I totally agree that treselling used licences of MS is OK. It is logical and right. If you buy a licence for a Windows OS, no reason this licence can't be resold under the same terms...
    However, it is important to note that licence is not a simple product like a TV screen or a fruit.
    Here are three reasons:
    1. Lets say a licence was bought discounted as part of a non-profit or educational licence pack (schools, universities, organizations..). Such a licence should not be resold to a business entity or a private user.
    2. A licence bares commitments by the client, more than most products. For example, you are not allowed to share the product freely, or copy it. (maybe not only because of licencing issues but also because of such). In some cases, a licence allows the use of a product only to a specific person, or under specific terms (specific hardware, environment). For example, not allowing the use of a product by non-development personnel. Not allowing the use of a product on a multiple CPU computers, etc...
    3. Partly like #2, licencing sometimes are regional. Some people suggest that if its allowed in the UK for now, it should be open to international trade as well. Well.. not necessarily. For example, some licences are regional. Sometimes for good reason (allowing 3rd world countries the use of software that is very expensive for them if they had to buy it in other countries). OR limits of technology/security export. Sometimes cross-border trading has to be limited. That is true - noone likes to be limited, but sometimes there might be a good reason to accept such limitation

    Can't think of any other differences for now, but those two demonstrate in my opinion why there are some differences with licencing.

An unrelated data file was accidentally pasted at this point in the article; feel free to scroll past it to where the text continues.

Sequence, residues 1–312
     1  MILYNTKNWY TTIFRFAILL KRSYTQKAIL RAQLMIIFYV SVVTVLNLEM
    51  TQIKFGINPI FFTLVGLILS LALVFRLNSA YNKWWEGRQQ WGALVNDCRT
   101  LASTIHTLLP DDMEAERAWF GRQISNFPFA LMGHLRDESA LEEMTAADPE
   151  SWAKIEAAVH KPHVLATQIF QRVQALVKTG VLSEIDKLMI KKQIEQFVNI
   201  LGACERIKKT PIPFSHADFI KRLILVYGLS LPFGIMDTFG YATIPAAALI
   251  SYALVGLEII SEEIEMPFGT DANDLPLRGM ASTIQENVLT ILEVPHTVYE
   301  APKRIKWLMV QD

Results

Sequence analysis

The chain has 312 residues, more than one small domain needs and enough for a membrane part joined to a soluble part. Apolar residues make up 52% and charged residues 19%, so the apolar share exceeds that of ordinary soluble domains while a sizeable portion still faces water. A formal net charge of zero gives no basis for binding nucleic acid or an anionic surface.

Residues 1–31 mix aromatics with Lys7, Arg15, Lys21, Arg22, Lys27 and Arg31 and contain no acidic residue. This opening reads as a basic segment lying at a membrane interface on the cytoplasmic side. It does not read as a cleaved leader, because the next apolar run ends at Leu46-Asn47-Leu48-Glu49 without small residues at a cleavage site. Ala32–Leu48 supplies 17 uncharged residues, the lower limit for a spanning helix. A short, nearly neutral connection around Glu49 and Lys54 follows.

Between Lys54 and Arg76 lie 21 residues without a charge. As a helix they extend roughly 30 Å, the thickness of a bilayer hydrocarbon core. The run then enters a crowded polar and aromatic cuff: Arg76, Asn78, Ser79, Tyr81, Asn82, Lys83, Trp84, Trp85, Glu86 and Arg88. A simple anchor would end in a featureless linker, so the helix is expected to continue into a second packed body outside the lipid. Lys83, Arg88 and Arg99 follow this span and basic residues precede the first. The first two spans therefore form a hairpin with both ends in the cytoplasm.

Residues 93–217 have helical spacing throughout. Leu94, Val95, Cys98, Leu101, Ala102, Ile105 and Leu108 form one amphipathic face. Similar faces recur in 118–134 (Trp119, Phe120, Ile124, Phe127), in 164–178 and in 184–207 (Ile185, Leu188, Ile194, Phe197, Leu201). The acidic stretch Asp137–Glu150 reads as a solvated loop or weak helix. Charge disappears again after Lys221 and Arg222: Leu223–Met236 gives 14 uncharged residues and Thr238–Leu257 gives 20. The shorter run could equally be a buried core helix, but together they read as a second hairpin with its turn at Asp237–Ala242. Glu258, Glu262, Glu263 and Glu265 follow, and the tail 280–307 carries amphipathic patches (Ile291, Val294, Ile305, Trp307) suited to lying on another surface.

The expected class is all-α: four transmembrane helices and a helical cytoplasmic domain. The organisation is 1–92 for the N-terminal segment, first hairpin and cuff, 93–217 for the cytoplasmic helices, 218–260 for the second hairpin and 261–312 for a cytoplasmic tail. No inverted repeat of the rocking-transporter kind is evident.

With that said, reselling of a licence under the same obligations/terms as the original purchase is something I think is very right and just and should be implemented world-wide.
    Just my 2 cents.
  • Poor Davies (Score:3, Interesting)

    by shoolz ( 752000 ) on Thursday November 10, 2005 @10:52PM (#14004460) Homepage
    He's "stunned"

    Well, according to Microsoft, it's within the parameters of the license agreement and MS has OK'ed the selling. So Davies is just pissed off because somebody can undercut him. Booo hoo.
  • reality (Score:2, Informative)

    by PacketScan ( 797299 )
    "I've never heard the like, and I am stunned," said Gordon Davies, the commercial director of Microsoft reseller Compusys. "This is clearly going to take away revenue from the channel and from Microsoft," he said."
    Ok I see this taking money from the reselling partners..
    However Microsoft will be seeing $$$ signs.. Why well those extra licenses will end up on computers that likely have no more support. Therefore Microsoft stands to make a Significant amount of money at 200-250 per occurrence.
  • by Dwonis ( 52652 ) *
    'Wah! Bankruptcy auctions undercut my business!'

    WTF? Who cares?

  • For already such great price you can buy genuine high quality Microsoft software, I refuse and protest MS allowing to sell 2nd hand!!! Gees, I'd rather pay 20% MORE to stop them doing this!!!
  • ..... Ballmer throw a chair across the room. After all, much of the revenue stream of M$ is based their ability to sell new and renewal licenses. I wonder how long it will take M$ to try and kill this idea off?
  • Well hey (Score:5, Interesting)

    by Grey Ninja ( 739021 ) on Friday November 11, 2005 @01:03AM (#14005167) Homepage Journal
    I have a new laptop I bought recently that included a bundled Windows XP Home. It's a dedicated Linux box now, and I honestly have no use for Windows on the machine. Maybe sometime in the near future, I can resell the license and get my money back for something I never used?
  • ticcles!

"With molasses you catch flies, with vinegar you catch nobody." -- Baltimore City Councilman Dominic DiPietro